Metadata Typo Causes Integration Headaches

Cantor, Scott cantor.2 at
Tue Sep 18 09:36:19 EDT 2018

On 9/18/18, 9:21 AM, "users on behalf of Marvin Addison" <users-bounces at on behalf of serac at> wrote:

> Wholeheartedly agree that schema validation is a best practice for
> catching simple mistakes, but avoiding hand-editing XML is my goal for
> commonplace integrations.

Unfortunately most of the time what you get from vendors is incorrect (semantically, not syntactically) metadata that has to be modified, and scripting is difficult because most of their systems don't follow any real conventions (I can script ADFS, Shibboleth, and SSP). I haven't come up with a better way to handle them, other than moving to LocalDynamic to isolate the new SPs from all the old.
> Not surprised -- I was groping for words. Let me try again: just
> because you have what appears to be the right certificate defined in
> your metadata, there's some complex policy machinery that can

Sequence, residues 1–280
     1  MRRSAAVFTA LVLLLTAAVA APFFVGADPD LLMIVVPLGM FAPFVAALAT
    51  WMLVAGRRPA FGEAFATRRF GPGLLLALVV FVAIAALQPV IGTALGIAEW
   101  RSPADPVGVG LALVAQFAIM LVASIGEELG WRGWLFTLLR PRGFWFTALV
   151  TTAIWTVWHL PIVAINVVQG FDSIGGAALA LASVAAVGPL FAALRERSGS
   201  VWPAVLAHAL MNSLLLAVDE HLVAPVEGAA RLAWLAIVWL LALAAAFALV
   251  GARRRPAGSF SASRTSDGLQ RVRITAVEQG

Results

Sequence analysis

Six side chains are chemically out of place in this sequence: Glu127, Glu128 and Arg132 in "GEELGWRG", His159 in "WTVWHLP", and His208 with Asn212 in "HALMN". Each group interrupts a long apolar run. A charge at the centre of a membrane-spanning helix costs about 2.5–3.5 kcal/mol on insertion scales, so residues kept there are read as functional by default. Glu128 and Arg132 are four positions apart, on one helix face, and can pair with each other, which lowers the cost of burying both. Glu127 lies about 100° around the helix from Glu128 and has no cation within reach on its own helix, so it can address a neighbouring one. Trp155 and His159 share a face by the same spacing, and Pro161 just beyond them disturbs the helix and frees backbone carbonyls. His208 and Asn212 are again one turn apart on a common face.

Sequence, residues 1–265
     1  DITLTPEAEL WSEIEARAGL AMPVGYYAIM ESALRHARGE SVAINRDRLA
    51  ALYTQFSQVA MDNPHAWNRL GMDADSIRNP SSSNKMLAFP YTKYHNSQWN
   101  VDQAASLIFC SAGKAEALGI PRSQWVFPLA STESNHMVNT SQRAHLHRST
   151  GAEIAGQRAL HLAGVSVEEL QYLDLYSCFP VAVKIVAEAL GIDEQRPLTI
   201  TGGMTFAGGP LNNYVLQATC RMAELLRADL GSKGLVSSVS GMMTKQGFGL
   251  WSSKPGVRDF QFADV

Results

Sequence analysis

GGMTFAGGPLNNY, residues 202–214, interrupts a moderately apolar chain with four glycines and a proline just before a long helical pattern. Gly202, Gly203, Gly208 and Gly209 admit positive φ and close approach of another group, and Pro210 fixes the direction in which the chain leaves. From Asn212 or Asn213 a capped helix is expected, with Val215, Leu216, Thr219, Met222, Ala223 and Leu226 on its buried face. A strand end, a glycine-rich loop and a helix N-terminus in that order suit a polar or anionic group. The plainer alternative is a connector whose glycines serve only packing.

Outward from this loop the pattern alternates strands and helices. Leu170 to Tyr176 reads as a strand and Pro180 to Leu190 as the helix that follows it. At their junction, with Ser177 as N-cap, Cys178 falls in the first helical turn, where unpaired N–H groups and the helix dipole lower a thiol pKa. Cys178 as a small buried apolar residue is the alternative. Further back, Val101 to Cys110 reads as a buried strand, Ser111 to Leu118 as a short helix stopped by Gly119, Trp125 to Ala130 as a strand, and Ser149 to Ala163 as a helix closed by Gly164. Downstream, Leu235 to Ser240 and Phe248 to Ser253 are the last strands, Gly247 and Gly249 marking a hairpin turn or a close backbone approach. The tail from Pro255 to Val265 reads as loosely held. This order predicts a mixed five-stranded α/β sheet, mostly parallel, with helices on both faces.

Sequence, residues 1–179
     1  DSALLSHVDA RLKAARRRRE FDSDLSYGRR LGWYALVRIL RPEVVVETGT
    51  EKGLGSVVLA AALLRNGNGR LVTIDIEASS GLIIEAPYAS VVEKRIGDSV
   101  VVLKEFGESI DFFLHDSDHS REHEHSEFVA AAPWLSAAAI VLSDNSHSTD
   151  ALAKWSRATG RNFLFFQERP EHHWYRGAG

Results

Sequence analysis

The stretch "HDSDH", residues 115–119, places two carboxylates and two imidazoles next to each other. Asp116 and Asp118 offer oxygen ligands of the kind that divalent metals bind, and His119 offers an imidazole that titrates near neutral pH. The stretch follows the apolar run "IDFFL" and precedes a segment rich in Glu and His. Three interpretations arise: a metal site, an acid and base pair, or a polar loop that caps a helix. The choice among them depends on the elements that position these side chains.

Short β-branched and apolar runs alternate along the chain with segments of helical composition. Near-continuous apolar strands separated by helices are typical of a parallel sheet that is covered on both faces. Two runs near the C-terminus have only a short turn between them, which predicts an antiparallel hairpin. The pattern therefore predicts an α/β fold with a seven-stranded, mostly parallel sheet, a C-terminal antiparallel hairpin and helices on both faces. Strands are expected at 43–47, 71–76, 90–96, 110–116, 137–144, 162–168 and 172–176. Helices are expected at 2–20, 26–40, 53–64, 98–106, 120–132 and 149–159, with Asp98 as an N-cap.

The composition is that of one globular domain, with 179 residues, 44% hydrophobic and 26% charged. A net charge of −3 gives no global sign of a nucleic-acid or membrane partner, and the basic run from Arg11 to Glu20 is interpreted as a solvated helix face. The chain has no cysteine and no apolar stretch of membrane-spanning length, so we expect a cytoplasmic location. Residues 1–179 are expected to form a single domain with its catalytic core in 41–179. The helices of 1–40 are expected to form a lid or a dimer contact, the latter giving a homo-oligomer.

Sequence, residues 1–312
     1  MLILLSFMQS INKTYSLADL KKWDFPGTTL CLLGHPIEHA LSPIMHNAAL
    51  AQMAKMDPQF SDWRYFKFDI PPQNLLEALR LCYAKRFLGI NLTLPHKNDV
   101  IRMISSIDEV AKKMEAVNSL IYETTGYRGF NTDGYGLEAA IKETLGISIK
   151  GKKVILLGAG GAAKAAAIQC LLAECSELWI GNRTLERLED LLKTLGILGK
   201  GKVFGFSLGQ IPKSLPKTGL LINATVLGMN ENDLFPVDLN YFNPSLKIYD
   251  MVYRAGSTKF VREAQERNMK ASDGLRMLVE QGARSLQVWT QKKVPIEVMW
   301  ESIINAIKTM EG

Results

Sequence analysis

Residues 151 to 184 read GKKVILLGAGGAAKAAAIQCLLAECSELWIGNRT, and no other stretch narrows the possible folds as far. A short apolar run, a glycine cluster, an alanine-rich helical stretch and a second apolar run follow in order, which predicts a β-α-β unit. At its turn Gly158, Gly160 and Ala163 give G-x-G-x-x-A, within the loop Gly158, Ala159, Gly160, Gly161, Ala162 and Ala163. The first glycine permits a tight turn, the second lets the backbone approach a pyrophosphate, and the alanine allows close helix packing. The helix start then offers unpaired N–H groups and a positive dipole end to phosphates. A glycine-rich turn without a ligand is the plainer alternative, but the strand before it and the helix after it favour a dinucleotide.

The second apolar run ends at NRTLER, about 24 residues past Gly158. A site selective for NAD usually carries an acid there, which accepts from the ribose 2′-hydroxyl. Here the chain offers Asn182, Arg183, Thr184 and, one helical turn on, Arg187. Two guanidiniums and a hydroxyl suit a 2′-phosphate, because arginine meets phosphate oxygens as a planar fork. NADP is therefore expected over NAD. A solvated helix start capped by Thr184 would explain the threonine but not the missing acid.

> effectively remove it from consideration: usage constraints, algorithm
> constraints, etc.

Usage, yes, that's just "is it use="X"" or not, generally easy to eyeball and important up front, you want to know if the keys are there and what they're going to support.

Algorithms don't come into play much, that's mostly if it's EC or RSA and you just don't see EC much if at all. It didn't sound like that was your issue here and in practice it just doesn't come up much. The one that does come up occasionally is name filtering but I've seen that more with my SP when picking decryption keys.

I will say my best practice is always to avoid request signing, and where possible to just omit any signing-only key from the metadata. I want to know if something is signing when I don't want it to be (lack of a key will cause it to fail) plus it means I don't have to care as much about strongly vetting the key. Encryption keys matter, but they don't authenticate the SP to me.

-- Scott

More information about the users mailing list